My touching, rather than “apologetic but insistent” would better have been described as enthusiastic and grateful…

    As far as Ian’s post above, that seems to skew into some alternate reality/false dichotomy where the only two choices are Insistent Alpha’s taking sex when they need it as their “right” and Apologetic Betas lapsing into self loathing abstinence.

    This statement in Ian’s post particularly struck me: “presumably willing partner whose ultimate ulterior motives will remain unknown and unknowable and who, with a softly spoken word, can bring the weight of the adult world crashing down on this young man’s head”.

    First of all, perhaps communicating with a partner so that one is not presuming their willingness might be better. And as to the “weight of the adult world crashing down”, in the boys-will-be-boys attitude often seen, it is much more likely to do its crashing on the girl’s head.

  8. @ Patrick Of course communicating with a partner is better — but what adolescent boy is equipped with the skills or the eloquence to communicate the surging need he feels to a girl likewise uncertain about not just her body and her feelings about it, but with the whole idea of communicating her range of feelings in a way that will be productive enough to unambiguously grant or deny consent? I know plenty of middle-aged couples where that remains a problem. And further, communicating not just consent or rejection but the complex set of implied social and/or personal obligations which are expected to result from said consent or rejection is going to be way beyond the capabilities of most hormone-struck teens.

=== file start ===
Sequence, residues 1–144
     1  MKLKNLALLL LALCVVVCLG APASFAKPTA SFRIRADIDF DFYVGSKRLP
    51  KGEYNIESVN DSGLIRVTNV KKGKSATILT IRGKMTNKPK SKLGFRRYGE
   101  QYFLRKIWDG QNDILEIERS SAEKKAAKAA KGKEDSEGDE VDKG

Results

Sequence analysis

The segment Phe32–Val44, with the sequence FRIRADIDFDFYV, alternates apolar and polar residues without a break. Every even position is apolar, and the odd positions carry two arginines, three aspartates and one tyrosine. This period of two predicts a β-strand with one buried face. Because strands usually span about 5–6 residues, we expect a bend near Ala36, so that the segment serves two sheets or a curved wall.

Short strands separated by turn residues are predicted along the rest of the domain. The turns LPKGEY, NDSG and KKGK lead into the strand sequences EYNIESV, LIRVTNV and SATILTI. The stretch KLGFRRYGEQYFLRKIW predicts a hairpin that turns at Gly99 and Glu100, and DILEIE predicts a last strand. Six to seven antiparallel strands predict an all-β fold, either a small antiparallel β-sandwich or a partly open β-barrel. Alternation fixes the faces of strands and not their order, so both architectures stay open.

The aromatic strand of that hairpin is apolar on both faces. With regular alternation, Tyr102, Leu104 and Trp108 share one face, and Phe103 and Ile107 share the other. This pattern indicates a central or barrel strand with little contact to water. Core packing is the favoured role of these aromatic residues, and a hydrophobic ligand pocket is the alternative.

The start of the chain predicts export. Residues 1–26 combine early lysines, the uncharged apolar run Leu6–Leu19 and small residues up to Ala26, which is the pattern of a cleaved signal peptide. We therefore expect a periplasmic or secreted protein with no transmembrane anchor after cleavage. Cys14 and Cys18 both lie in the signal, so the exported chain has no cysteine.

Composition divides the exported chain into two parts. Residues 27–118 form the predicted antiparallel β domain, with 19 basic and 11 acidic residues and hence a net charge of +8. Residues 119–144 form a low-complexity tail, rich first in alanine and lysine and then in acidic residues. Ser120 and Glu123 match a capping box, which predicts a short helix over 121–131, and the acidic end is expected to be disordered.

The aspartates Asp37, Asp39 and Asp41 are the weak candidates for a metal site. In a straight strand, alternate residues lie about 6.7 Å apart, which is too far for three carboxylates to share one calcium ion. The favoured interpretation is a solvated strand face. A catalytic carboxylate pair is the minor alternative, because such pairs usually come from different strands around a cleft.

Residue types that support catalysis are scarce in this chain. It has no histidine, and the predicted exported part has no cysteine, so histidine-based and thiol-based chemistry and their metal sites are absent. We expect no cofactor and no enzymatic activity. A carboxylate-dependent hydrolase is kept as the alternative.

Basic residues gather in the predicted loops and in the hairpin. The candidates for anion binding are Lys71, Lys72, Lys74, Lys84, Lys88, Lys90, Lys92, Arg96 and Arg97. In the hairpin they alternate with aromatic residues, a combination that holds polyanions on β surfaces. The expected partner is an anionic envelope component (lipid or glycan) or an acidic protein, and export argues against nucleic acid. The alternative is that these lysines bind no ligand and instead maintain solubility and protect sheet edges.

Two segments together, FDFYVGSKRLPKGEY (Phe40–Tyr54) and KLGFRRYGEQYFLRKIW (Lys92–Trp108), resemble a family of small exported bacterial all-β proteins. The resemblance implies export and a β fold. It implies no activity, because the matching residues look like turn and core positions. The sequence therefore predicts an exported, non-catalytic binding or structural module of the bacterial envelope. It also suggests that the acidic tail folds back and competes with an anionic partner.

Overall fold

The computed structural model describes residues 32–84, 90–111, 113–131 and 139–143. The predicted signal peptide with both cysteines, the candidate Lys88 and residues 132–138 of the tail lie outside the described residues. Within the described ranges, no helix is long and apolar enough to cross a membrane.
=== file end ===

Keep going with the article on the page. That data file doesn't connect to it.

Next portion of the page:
Then there are the conflicting and confusing array of motivations a girl might have for giving consent or rejecting him: social positioning, revenge, low self-esteem, romantic escapism, establishing a public perception and overt material desires may all override any personal feelings she might have for the guy and influence her decision. What started as a fairly simple “consent/non-consent” question for the dude becomes a complex flowchart of social cost/benefit analysis that the girl herself may not understand, much less be able to articulate to the boy, especially in a way he is going to understand it.

    As far as the “weight of the adult world crashing down”, I would argue that while the possibility of pregnancy of course looms large for both, it weighs heavier on the girl. I would also argue that the possibility of direct physical injury or permanent social scarring from a (sometimes purposefully) misinterpreted encounter also looms larger for the boy. If the girl in question raises even the possibility of his sexual misconduct to any responsible adult in her life, the consequences for the young man can be brutal, swift, and have as permanent affect on his life as pregnancy. In some cases, and in some jurisdictions, his groping (regardless of her consent) can lead to entanglements with the law and angry, possessive adult males which could go so far as to end his life or his freedom.